The Liberty Street blog post from October 19, 2011 presented the purpose of the plan; “Under the portfolio balance view of these interventions, what matters is the amount of duration risk removed from the market. Duration can be thought of as a measure of the change in price of a security when interest rates change. When interest rates change, securities with higher duration, which also tend to have longer maturity, are subject to larger capital gains or losses than securities with less duration. Investors seek the additional return associated with duration risk for a variety of reasons. With the Federal Reserve buying longer-term securities and thus reducing the amount of duration risk available to the market, investors obtain duration risk by purchasing other securities. These portfolio adjustments should keep interest rates lower than they would otherwise be, not just on the securities being purchased, but also on other assets.”

Given that the purpose of these asset purchase plans is to reduce the duration risk at the 10-year horizon then it could be that at some point Bernanke suggests that the Fed utilize a strategy that he once called “a more direct method, which I personally prefer.” In his famous “Deflation” speech of November 21, 2002 Bernanke said he championed the idea that the Fed could “begin announcing explicit ceilings for yields on longer-maturity Treasury debt.” A commitment the Fed could enforce by committing to make unlimited purchases of the suggested maturity. Back then it was the two-year that he suggested, but with the current focus on the 10-year equivalents then maybe this would be the contemporary maturity of choice. This strategy may need a more urgent deflation fear than currently exists in order to be chosen, but at some point the Fed, specifically the chairman, will want to pursue a plan in which there is the most confidence; which I assume is why someone would describe it as the one “I personally prefer.” Theoretically the cap on the 10-year could actually be set above the current rate, say a two percent ceiling. That’s because it would seem that the important point is the amount of time that the cap would exist at a low rate rather than the rate itself. Maybe the Fed would keep the cap in place for as long as their commitment on the funds rate remains in place.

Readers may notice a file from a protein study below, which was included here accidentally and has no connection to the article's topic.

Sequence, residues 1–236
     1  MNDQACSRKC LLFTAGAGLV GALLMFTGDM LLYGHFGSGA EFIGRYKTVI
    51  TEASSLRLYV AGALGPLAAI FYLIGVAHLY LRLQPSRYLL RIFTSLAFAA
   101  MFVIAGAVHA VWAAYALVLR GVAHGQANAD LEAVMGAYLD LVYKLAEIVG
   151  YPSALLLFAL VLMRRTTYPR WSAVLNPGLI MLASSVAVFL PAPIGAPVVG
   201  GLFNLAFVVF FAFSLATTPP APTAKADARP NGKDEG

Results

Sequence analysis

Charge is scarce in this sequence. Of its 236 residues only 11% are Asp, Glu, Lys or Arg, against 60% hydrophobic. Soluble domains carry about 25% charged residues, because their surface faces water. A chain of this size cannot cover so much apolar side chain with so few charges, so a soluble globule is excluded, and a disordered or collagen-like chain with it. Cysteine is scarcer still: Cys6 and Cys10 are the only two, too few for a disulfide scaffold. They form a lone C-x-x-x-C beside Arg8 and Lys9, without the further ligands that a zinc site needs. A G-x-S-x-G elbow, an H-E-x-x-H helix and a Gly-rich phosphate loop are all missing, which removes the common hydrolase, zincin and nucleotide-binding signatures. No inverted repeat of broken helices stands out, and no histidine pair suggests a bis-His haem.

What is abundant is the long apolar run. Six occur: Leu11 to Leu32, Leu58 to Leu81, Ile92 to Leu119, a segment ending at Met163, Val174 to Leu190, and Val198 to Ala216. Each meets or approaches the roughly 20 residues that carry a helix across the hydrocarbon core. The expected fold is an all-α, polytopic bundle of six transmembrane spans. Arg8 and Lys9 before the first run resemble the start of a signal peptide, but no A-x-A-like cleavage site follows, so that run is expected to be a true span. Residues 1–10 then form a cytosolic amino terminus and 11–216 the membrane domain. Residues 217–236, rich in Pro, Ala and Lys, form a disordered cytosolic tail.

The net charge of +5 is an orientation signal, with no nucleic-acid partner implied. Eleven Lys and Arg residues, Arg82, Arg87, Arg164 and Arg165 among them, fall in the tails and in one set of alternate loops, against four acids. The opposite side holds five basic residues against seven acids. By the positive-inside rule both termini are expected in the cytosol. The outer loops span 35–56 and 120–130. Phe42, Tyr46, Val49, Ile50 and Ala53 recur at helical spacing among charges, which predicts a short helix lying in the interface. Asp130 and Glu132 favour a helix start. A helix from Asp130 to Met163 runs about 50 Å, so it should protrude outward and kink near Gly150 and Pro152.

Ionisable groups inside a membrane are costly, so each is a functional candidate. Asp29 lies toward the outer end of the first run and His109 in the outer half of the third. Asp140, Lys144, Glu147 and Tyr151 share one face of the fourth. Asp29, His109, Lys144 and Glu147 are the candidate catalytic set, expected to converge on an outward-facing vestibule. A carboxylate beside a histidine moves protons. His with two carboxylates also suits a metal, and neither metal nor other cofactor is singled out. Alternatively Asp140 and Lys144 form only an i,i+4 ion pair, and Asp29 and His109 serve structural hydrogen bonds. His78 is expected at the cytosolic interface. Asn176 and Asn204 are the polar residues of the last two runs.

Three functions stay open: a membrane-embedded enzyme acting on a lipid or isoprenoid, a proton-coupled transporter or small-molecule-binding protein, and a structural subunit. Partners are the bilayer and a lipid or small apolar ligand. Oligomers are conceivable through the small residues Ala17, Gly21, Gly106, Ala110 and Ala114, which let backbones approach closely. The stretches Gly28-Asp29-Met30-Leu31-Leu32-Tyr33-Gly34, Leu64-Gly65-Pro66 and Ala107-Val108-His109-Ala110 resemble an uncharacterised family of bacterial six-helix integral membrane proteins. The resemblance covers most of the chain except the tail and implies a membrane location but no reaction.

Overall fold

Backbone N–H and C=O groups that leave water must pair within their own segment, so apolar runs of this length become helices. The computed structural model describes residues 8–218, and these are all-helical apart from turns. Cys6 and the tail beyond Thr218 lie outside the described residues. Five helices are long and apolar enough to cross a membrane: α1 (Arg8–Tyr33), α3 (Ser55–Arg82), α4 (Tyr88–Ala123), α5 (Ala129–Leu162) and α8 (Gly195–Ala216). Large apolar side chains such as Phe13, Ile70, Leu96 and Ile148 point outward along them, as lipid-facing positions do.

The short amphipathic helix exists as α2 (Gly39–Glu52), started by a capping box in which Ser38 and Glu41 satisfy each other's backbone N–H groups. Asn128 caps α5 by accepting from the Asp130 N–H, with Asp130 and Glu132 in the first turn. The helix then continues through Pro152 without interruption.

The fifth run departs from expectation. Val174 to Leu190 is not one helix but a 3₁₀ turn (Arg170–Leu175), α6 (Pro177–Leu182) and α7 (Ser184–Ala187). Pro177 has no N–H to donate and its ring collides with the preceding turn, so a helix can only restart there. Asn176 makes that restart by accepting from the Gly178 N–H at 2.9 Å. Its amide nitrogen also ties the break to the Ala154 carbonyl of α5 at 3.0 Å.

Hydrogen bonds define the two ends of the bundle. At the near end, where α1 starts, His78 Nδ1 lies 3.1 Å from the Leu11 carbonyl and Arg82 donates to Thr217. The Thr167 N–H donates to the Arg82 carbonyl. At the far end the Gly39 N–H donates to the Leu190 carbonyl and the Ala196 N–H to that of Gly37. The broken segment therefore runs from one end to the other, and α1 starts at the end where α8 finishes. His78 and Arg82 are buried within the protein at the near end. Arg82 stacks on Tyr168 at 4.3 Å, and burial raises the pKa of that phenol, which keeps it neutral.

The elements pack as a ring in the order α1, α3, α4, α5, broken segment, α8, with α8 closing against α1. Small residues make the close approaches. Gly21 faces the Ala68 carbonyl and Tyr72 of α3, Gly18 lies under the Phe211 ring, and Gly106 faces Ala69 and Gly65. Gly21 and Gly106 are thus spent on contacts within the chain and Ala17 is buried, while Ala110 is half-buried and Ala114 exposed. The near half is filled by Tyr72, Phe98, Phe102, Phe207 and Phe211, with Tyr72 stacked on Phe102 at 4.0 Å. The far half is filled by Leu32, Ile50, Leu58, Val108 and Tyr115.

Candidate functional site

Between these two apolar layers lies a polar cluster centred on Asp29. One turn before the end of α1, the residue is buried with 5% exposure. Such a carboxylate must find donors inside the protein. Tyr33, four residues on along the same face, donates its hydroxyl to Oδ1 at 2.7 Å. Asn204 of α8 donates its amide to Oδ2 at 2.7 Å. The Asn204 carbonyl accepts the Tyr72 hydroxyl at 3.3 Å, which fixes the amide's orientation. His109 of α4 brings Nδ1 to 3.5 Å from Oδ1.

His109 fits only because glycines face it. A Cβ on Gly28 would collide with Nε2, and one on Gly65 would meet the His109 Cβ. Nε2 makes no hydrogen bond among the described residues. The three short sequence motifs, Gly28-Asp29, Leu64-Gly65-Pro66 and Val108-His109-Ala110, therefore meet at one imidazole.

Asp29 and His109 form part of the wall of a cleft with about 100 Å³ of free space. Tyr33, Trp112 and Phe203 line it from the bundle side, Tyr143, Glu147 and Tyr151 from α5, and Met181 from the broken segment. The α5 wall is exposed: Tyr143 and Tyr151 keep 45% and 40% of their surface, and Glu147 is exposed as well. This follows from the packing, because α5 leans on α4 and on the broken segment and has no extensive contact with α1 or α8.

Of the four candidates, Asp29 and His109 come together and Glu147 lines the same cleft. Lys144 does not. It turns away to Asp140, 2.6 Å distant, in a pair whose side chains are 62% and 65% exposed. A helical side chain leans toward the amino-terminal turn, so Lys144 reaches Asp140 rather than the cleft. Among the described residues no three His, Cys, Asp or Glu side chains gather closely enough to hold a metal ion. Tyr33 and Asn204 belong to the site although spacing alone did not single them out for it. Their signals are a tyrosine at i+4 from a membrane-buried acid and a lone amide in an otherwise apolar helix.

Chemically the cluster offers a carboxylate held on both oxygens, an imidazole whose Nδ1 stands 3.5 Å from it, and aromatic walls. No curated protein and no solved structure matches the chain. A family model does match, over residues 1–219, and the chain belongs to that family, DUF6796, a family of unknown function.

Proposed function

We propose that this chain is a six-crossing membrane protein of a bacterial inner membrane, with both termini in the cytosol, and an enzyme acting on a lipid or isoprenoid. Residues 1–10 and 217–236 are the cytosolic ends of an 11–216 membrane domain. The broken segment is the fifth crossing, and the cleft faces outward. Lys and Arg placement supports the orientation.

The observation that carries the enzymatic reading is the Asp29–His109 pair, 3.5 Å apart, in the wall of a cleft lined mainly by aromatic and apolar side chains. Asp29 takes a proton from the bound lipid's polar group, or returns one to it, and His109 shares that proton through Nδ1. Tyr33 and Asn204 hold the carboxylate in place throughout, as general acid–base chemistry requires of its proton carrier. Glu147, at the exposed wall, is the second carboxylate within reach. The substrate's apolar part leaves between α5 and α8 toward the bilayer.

None of this sounds any good, but maybe there will be a tastier option when Bernanke displays the menu.